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Residents remain concerned, stuck in limbo 1 year after East Palestine train derailment

Residents stuck in limbo 1 year after East Palestine train derailment
Residents stuck in limbo 1 year after East Palestine train derailment 04:50

EAST PALESTINE, Ohio (KDKA) — Saturday marks one year since a toxic train crashed near the Ohio-Pennsylvania border and forever changed East Palestine, Ohio and Beaver County, Pennsylvania.

As the clean-up continues, concerns remain, with many in limbo. They want people to know their stories are nowhere near over, and that not much has changed. They're still not getting straight answers from officials or Norfolk Southern. 

Their lives were turned upside down, and they have no clear idea what their futures hold.

Twelve months later, Zsuzsa Gyenes is filled with emotion.

"We had to leave our home because it was chemically contaminated, and we knew it was going to kill us," Gyenes said. "Now, we have nowhere to go, and it's not our fault."

A hotel room in Cranberry, Butler County, is now her home, where she and her 10-year-old son are surrounded by belongings they were able to salvage.

"Everything had this Drano smell to it, and it immediately was nauseating. I had to throw out baby pictures. I didn't want to do that," Gyenes said.

They lived in East Palestine, Ohio, just one mile away from where a Norfolk Southern train derailed on Feb. 3, 2023, bursting into flames and releasing toxic chemicals into the air. Within hours, her eyes and throat were burning, she was nauseous and her son, who has asthma, woke up coughing.

"I was like, 'OK, this smell is, obviously, there's something,'" Gyenes said. "'I don't know what this is. We need to get out of here.'"

For months, they hopped from hotel to hotel after escaping the vent and burn of vinyl chloride. Her son eventually tested positive for that chemical after getting a rash on his arms and face. To this day, Gyenes said those results are downplayed.

"I was like there's no way you're telling me there's nothing here. I wasn't sick before. The smell didn't exist before," Gyenes said.

Linda and Russell Murphy also tested positive, only to hear doctors list off several possible reasons other than the hazards on the train.

"We smoke? We don't. We drink? Very minimal," Linda described what doctors told them. "You must eat a lot of onions? Yeah, just like apples."

The Murphys remain in their home, nearly 3 miles away from the site of the wreckage, but less than a mile from Leslie Run, where they said an oily film is sometimes still visible on the surface. 

They use bottled water for drinking and cooking, but they use well water to bathe and do laundry. Independent researchers found high levels of dioxins in their soil, and they said their health challenges continue, from blurred vision to numbness and mobility issues.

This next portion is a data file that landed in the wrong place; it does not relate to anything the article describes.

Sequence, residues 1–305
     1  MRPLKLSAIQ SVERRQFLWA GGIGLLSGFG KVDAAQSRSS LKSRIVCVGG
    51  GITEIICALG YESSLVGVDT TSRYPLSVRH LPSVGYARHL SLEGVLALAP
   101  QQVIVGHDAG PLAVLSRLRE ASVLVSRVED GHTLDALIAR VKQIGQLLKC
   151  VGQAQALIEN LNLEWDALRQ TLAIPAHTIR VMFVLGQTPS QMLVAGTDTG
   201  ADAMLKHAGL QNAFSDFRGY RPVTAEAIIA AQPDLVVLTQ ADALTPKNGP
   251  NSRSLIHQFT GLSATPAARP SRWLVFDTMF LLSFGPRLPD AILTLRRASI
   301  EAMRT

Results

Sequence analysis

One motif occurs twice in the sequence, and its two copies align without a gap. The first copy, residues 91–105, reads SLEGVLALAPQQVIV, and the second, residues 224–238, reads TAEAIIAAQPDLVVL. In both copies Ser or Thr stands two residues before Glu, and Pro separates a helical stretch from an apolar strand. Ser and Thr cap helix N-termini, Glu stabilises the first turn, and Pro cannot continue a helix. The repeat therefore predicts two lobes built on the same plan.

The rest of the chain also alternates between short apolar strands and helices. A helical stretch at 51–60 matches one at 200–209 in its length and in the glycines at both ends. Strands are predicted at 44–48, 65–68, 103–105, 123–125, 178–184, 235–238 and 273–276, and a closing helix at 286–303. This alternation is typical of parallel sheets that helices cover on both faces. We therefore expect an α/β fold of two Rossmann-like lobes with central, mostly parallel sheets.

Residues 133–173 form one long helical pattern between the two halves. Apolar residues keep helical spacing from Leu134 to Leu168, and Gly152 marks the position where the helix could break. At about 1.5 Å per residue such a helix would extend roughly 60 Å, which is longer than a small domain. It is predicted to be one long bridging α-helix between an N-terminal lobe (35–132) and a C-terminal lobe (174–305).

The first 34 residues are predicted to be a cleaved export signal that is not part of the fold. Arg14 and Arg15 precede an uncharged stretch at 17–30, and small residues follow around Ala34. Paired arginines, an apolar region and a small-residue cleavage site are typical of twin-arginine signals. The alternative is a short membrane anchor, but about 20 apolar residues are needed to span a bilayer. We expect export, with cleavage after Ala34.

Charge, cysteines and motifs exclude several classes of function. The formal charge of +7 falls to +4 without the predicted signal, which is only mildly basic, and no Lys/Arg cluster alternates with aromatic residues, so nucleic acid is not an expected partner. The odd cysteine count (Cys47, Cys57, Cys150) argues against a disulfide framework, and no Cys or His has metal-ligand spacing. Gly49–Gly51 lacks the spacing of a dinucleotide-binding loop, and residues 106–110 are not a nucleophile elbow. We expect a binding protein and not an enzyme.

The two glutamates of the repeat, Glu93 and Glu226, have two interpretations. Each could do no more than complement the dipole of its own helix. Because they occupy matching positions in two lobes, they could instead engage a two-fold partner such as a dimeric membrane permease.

All the while, Norfolk Southern and the United States Environmental Protection Agency continue to say the air is safe to breathe and the water is safe to drink.

"We go from being told one thing to another. Well if it was never there, if it was never a hazard, if it was never a risk, why all this remediation?" Linda Murphy said.

"You lose sleep at night. And you wonder, by staying here and the home you built, the security that you felt, is it smart to stay?" Russell Murphy said.

They're not ready to make these decisions, but at this point, they find it hard to trust anyone.

"They have conditioned us well enough to know we will not get our questions answered," Linda Murphy said. 

"And doesn't that give you the answer?" Russell Murphy said.

They can count several promises they said haven't been fulfilled and necessities they haven't received: proper indoor cleaning, lifelong health care and medical monitoring, reimbursement for losses, and funds for permanent housing.

"Our lives have been completely on hold, in this limbo at Norfolk's mercy," Gyenes said.

Until the other day, Gyenes was under the impression that Norfolk Southern would stop paying for her hotel on Feb. 9. KDKA-TV reached out to the freight company for comment. In a statement, a spokesperson said differently:

"The NS Family Assistance Center continues to provide Ms. Gyenes with financial assistance arising from her relocation situation."

It's a response that puzzles Gyenes all the more.

"I want straight answers and I want the truth, and I want a solution and I want it Feb. 3 of last year," Gyenes said.

Families hope as attention returns to the derailment, they'll finally see some action. But based on this past year, it's hard for them to remain optimistic.

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